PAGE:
Boeser has been absolutely sensational for the Canucks in his first pro season. He led Vancouver with 47 points (24G, 20A) in 46 games going into the weekend and sat at second in rookie scoring overall behind only the New York Islanders’ Mathew Barzal who has accrued 51 points in 50 games.

Boeser ended up being named MVP of the All-Star Game for his outstanding performance. He also won the Accuracy Shooting Competition the night before, hitting five targets in 11.136 seconds.

The Atlantic Division defeated the star-studded Metropolitan by a definitive score of 7-4. At one point the Metro Division team of Sidney Crosby, Alex Ovechkin, and John Tavares had a 3-1 lead on the Atlantic before the Boston Bruins’ Brad Marchand tallied a goal and an assist, helping his team advance to the championship game.

Marchand, who was handed a five-game suspension earlier in the week for an elbow to New Jersey Devils’ winger Marcus Johansson, was still eligible for All-Star festivities despite having served only one game of the five heading into the weekend.

Boo-ing could be heard just about every time Marchand touched the puck, which made for an interesting scenario when he finally scored a goal. Despite the fans’ apparent disdain for the Boston winger, he was in fact playing for the home team in Tampa. Marchand was skating alongside four Tampa Bay Lightning players and Lightning Head Coach Jon Cooper was in charge of the Atlantic Division team. So when the so-called “Little Ball of Hate” found the back of the net, you could hear the boos transform into cheers inside Amalie Arena.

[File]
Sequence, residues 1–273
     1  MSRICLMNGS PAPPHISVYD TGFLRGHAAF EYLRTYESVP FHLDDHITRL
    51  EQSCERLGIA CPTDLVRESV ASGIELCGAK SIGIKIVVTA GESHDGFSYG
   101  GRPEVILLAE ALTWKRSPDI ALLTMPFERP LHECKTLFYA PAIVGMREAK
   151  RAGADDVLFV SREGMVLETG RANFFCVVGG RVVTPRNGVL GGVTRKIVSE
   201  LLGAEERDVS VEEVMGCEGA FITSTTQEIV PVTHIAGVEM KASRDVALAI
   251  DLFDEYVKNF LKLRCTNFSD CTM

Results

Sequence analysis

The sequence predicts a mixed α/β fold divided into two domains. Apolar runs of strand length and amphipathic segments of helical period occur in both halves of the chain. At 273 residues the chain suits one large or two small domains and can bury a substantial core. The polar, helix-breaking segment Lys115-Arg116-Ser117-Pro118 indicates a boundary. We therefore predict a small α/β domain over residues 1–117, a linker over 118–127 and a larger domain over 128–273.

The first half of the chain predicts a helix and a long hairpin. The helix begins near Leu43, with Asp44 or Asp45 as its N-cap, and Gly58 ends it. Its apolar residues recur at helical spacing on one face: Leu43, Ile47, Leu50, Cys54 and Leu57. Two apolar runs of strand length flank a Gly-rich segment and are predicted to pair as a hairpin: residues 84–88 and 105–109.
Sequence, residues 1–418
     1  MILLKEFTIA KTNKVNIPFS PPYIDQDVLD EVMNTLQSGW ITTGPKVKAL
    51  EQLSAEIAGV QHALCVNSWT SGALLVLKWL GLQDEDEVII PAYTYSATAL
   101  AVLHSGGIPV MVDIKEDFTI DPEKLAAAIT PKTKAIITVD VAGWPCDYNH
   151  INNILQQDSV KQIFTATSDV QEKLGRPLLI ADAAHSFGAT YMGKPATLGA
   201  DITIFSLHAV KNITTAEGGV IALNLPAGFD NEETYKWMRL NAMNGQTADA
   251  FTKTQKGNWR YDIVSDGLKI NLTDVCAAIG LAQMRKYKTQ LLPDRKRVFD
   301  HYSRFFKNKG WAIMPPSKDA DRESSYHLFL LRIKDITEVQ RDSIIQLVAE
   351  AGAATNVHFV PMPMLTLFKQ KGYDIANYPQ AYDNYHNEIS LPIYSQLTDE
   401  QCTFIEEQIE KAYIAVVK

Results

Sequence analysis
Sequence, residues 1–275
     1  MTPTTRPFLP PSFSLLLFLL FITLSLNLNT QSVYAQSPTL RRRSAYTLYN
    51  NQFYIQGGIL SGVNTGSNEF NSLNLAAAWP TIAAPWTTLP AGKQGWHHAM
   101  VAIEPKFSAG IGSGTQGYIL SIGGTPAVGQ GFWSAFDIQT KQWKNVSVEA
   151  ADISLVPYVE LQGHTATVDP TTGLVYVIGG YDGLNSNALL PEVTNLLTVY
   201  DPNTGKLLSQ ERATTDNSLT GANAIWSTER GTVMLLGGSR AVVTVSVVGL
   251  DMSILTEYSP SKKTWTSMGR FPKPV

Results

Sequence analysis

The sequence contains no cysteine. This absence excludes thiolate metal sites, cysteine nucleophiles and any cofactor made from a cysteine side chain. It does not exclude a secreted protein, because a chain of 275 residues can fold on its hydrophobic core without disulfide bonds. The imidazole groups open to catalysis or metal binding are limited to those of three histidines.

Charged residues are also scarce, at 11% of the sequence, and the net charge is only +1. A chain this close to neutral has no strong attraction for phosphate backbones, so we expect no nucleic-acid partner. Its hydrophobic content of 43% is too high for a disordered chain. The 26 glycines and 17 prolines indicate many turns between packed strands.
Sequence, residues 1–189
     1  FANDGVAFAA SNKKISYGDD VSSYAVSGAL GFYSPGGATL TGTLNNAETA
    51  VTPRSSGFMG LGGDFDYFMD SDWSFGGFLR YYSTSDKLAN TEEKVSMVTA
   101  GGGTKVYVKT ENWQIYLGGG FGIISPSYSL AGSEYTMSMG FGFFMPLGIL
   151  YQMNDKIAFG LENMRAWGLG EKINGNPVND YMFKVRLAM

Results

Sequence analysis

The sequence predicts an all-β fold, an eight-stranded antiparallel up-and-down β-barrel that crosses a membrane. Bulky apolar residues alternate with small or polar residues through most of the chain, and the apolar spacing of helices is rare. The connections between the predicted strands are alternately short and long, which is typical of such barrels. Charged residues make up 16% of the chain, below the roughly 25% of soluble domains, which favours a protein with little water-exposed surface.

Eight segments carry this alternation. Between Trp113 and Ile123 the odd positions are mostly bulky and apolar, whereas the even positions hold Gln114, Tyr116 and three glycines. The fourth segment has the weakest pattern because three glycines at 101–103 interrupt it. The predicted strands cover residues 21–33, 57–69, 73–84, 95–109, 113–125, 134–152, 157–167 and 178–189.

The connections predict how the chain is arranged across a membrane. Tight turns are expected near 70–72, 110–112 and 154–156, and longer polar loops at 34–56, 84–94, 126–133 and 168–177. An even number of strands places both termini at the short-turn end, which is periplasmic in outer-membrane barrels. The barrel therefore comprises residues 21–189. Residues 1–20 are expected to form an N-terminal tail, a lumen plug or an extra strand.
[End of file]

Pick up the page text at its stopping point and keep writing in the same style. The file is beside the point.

The Pacific Division would go on to defeat the Atlantic in the championship game by a score of 5-2 in the battle of East Coast vs. West Coast. Despite this loss coming as somewhat of a disappointment to the Tampa fans, the displays of pure talent that were showcased over all three games were something any hockey fan could appreciate.

The NHL All-Star Game has been acknowledged before as the most entertaining contest of its type in professional sports, and Sunday’s action did nothing to put that claim into question. From tic-tac-toe plays, to incredible shots, and supreme goaltending, this All-Star Game was thrilling and downright entertaining.

Friars in the Pros

by The Cowl Editor on November 30, 2017

Professional Sports

As Providence College athletics are Divison I, the Friars have seen many of their athletes go on to play professionally in their respective sports. Three writers gave updates on Friars who play on professional soccer, hockey, and basketball teams.


By Jack Belanger ’21

Sports Co-Editor

chicago bulls player Kris Dunn
Photo Courtesy of Chicago Bulls

With their recent success in the Big East, Providence has seen multiple Friars appear in the National Basketball Association and other professional basketball leagues.